Canada House
Est. 1909. Re-est. 2017



The area surrounding Canada House originated as an open rural area adjacent to the then small town of Manchester.

As the small town developed in the early 19th Century, it progressively expanded along Oxford Street/Oxford Road. Originally this part of Manchester was largely occupied by substantial mills, engineering works and iron foundries.

One of the historic deeds stated that income from these lands should help in the relief of the poor and aged. We are committed to continuing this tradition.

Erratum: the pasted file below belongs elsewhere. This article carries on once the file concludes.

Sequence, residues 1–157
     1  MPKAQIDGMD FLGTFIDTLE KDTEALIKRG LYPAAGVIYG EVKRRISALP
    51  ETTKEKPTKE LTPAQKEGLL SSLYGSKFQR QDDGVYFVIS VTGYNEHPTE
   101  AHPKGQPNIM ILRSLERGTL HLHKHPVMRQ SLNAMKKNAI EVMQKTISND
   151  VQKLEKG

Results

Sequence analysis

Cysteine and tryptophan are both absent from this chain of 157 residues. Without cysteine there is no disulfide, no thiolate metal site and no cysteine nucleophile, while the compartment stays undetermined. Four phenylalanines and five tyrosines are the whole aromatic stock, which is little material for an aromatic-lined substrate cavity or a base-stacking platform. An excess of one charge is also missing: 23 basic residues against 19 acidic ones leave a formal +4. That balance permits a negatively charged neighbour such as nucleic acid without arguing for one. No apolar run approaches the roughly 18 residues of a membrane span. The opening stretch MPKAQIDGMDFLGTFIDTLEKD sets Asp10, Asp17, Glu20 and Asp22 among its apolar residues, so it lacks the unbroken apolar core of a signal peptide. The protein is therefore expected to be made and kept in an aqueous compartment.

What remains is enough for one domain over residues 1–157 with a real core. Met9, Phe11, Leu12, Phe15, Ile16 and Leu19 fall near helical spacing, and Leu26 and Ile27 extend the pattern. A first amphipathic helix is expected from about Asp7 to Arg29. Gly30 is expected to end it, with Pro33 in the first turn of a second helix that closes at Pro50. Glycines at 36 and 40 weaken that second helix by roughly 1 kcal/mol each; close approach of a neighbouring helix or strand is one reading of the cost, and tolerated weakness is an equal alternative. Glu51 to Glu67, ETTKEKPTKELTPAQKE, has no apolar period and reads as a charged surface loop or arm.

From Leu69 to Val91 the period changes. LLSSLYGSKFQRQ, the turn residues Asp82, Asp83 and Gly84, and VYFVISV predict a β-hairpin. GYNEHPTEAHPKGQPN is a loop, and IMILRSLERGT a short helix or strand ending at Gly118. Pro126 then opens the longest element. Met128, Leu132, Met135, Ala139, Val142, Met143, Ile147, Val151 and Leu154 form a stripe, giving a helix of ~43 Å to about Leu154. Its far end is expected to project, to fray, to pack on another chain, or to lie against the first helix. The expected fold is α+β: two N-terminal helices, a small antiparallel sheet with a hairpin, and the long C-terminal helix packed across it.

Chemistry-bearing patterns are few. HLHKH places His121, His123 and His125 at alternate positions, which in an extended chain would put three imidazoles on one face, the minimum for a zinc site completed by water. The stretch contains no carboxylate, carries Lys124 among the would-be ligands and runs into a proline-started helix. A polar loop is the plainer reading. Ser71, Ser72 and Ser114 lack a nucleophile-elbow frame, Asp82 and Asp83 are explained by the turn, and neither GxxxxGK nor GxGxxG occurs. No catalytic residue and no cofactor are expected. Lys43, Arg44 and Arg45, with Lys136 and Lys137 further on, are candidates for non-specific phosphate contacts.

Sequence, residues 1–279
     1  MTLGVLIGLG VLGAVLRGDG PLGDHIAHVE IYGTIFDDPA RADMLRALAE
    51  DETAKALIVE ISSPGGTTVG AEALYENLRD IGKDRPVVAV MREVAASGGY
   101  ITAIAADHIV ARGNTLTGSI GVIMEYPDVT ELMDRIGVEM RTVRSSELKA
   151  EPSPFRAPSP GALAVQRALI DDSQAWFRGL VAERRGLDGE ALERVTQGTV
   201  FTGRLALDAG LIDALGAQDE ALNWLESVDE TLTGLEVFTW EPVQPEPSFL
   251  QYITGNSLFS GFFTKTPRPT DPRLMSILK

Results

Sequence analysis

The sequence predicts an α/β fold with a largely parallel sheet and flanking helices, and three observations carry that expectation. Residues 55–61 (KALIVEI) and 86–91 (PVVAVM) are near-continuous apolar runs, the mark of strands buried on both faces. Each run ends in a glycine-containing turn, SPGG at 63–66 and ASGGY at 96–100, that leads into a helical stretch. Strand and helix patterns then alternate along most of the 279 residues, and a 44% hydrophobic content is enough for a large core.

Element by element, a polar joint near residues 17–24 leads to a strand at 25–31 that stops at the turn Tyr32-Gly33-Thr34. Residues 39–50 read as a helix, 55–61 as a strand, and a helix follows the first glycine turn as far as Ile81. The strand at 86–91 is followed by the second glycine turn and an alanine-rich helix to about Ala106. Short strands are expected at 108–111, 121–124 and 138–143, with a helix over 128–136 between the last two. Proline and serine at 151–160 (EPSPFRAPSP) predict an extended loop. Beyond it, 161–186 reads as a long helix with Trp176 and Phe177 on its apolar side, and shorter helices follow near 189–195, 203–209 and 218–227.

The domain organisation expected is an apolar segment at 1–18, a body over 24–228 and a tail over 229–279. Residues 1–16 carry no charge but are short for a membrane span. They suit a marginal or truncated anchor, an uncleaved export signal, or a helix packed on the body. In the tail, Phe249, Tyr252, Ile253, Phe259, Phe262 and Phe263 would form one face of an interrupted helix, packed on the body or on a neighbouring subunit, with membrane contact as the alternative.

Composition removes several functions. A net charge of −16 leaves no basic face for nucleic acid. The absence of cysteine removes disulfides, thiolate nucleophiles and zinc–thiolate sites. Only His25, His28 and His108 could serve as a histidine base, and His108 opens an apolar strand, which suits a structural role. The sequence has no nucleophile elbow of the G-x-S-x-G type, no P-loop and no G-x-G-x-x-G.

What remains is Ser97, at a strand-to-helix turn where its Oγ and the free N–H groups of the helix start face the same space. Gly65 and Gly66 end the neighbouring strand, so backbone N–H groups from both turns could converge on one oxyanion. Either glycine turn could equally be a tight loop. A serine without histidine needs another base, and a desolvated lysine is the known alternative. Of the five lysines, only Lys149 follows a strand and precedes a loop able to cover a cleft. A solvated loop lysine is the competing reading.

Broadhurst & Lee_Pattern Shop_1900.jpg

By the middle of the 19th century the area was starting to become a less industrial landscape.

This was largely due to the huge increase and demand for packing and shipping warehouses, which harnessed the railway and canal networks.

H.S. Booth & Company constructed a number of large modern packing warehouses on Oxford Street and Chepstow Street, culminating in the construction of their last building, Block D, now known as Canada House.


By the end of the 19th century the area had again changed in use and had become a popular destination for the theatre.

A number of late-Victoria theatres began to appear along Oxford Street/Oxford Road.